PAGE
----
diaries. Paris would wash Germany out of my hair. Perhaps even suck the German marrow out of my bones. I was young then,
and dramatic. I was twenty-three. I was ready.
Sneaking into the opera tonight, I had once again proved it to myself. I looked around the circle of boxes, that abundance of
plush, red velvet and gold that seemed only a breath away from a luxury bordello. My unknown companions were bent over their
programs, anticipating a production that had been called sensational in the press. An occasional curious look brushed over me. I almost expected them to invite me into the
conversation: what did I think about modernizing Mozart? What would my box companions say if they knew I was here for an encore without a ticket?
The intermission seemed interminable until I noticed the dark-skinned ouvreuse standing at the entrance of my box with a
stack of programs, eyeing me. I looked back with curiosity as she undauntedly held my gaze. I raised my glass to her, she smiled. I waited. She approached.
“Don’t we know each other?” she asked.
“You seem familiar,” I said. “Remind me?”
“The Women’s Film Festival last fall?”
“Right,” I said, searching my memory. “Great party.”
Her Afro framed a round face with a big, sensuous mouth and lively eyes that seemed ready to laugh or tease. Compared to
the aureole of her head, her body in the tight ouvreuse uniform looked small and trim. There had been many attractive women
in the party crowd. Could I have overlooked her? Distracted by Claude, perhaps?
“Do you like the performance?” she asked. “Even a second time?”
“How do you know?”
“I worked downstairs in the orchestra on opening night. Right center section.” The area where the press was seated.
I bowed slightly to acknowledge her compliment. “Do you remember every spectator at opening night?”
“That very much depends…”
“I see. And at daytime, you are a private detective?”
“You might say so.” She laughed impishly and looked at my mouth. “I study music and remember certain notes.”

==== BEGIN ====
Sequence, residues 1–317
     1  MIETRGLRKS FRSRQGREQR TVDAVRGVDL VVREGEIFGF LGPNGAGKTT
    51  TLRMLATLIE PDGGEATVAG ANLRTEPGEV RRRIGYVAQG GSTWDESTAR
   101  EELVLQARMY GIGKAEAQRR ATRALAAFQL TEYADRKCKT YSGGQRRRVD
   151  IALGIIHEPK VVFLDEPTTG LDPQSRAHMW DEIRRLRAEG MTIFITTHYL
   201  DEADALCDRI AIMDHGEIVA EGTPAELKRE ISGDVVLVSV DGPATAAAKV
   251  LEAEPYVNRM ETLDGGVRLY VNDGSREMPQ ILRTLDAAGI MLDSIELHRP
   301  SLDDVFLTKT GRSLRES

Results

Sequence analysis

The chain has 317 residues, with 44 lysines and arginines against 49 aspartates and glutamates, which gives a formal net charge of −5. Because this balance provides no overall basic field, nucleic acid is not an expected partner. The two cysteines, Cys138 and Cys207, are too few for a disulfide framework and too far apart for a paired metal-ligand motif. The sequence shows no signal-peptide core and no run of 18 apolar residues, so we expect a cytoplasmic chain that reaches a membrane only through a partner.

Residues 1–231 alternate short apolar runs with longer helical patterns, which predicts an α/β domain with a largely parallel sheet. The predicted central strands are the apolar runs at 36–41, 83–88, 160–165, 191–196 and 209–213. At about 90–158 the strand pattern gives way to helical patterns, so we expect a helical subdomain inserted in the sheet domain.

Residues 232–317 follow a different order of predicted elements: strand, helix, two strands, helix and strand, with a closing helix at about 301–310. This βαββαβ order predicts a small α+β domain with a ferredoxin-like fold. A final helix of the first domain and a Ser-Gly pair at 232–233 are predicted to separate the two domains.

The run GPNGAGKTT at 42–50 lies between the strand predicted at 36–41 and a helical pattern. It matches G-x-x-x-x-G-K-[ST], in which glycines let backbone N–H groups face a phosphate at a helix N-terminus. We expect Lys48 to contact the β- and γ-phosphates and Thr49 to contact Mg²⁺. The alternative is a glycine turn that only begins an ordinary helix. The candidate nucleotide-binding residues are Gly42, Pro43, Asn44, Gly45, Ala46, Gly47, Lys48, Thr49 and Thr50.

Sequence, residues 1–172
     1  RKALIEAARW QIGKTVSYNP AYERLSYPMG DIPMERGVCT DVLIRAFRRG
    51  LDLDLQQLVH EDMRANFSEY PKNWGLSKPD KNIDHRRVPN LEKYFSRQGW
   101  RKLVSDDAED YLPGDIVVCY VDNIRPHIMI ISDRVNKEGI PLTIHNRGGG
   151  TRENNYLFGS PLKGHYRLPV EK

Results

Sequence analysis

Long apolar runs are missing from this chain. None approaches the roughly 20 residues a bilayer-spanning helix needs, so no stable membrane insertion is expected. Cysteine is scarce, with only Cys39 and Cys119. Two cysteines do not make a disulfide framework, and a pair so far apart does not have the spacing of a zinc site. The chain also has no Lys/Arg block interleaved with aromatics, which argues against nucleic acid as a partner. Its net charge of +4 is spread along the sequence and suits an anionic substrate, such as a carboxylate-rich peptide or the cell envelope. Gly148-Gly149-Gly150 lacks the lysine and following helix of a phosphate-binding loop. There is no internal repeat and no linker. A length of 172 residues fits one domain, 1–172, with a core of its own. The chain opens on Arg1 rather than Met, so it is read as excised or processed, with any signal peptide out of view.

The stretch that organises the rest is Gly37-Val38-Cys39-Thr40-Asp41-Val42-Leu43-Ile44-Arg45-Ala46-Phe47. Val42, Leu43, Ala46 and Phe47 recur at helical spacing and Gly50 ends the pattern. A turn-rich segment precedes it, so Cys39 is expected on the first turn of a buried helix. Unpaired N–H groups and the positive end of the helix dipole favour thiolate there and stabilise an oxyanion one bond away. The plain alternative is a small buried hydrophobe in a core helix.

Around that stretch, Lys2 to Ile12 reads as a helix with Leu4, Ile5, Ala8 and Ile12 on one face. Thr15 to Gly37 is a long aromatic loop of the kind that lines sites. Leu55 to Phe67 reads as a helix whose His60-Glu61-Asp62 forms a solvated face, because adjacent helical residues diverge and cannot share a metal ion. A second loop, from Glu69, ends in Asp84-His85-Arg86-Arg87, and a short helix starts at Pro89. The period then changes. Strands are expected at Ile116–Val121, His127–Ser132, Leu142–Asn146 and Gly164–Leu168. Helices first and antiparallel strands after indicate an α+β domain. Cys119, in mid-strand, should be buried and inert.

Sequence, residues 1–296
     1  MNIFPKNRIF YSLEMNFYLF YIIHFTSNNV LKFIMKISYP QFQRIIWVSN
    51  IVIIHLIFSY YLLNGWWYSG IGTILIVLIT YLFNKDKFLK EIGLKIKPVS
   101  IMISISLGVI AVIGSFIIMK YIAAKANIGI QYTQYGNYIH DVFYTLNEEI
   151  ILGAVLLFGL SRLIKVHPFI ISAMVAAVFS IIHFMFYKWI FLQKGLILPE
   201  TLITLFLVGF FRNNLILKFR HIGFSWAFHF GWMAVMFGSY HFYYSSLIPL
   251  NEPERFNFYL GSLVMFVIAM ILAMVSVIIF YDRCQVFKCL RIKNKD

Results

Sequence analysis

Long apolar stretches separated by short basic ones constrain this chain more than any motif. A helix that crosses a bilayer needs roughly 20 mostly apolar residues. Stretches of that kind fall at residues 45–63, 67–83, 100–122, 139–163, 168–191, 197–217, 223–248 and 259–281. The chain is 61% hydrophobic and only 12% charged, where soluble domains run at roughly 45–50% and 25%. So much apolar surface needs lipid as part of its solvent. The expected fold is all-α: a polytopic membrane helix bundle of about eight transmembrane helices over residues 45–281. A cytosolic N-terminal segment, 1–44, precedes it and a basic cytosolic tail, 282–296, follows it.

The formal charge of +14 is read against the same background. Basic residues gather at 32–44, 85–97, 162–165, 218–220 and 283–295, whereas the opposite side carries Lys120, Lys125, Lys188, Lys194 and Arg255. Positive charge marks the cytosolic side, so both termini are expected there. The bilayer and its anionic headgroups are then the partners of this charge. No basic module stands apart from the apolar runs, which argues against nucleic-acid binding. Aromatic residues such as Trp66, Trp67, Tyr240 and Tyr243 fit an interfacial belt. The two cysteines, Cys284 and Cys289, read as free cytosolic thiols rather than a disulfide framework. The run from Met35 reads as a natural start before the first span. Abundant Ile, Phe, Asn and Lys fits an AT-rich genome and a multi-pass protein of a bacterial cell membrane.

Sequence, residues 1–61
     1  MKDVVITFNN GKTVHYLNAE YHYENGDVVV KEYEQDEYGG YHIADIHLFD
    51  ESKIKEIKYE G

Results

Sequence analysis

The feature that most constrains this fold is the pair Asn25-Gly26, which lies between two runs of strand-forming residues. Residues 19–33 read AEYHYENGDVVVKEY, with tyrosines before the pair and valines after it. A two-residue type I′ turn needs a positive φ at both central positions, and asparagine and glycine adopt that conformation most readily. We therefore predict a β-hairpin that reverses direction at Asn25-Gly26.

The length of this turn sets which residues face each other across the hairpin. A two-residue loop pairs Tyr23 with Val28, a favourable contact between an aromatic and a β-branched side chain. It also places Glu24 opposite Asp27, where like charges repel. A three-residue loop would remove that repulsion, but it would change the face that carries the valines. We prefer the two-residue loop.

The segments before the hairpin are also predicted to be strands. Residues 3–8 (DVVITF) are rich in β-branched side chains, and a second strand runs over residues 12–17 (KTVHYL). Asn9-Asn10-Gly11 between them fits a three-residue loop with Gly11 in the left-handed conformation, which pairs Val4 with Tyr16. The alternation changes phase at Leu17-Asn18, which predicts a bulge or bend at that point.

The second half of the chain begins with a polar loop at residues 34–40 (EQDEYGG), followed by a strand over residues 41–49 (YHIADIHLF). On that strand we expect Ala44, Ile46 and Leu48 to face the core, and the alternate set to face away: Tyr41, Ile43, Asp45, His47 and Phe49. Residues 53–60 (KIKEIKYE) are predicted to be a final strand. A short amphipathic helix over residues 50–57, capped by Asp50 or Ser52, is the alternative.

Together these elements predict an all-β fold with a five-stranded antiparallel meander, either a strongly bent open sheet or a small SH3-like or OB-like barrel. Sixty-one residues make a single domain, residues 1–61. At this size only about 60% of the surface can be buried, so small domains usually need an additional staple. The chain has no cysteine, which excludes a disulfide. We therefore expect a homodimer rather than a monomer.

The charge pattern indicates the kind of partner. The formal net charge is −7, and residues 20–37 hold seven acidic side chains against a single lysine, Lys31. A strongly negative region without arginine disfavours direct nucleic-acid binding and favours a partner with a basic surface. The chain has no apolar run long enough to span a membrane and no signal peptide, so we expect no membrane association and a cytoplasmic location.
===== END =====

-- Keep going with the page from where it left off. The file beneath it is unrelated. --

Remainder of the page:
“I can see CosĂ¬again and again,” I said. “I like the production. For once the women are players, too.”
“Dorabella and Fiordiligi know what they want…” She gave me a telling look.
“And what do they want?” I flirted back.
“Variety,” she said with emphasis.
“Who wouldn’t want that?”
“Well, aren’t we a match.” It was my turn to look at her mouth. “Which instrument are you studying?”
“Piano and voice.”
“Mezzo?” Her talking voice had a pleasant timbre and her full lips were appetizing. “Which is—or would be—your favorite
“Cherubino. Perhaps Oktavian, but Mozart is easier…”
“Trouser roles, I see. Unfortunately there aren’t that many.” I tried to imagine her chocolate skin in the silver suit and
powdered wig of Octavian in Strauss’s Rosenkavalier, one of the sexiest roles in the operatic repertoire.
“Unfortunately, in real life there aren’t many either!” She let her eyes wander over my theater Jeans.
“But that very much depends,” I quoted her, enjoying the warmth rising in my body.
“Who you turn to. During intermission, for example.”
She laughed at me from the corner of her eyes as if that were too good to be true. The intermission bell rang.
“Next intermission?” I proposed. I saw a certain shimmer in her eyes.
Back at my seat, I tried to place my new date at the party where she had seen me. Had I flirted with her? Had she flirted
with me? Had we kissed? There was an ease between us as if no effort had to be made to be more than strangers. What a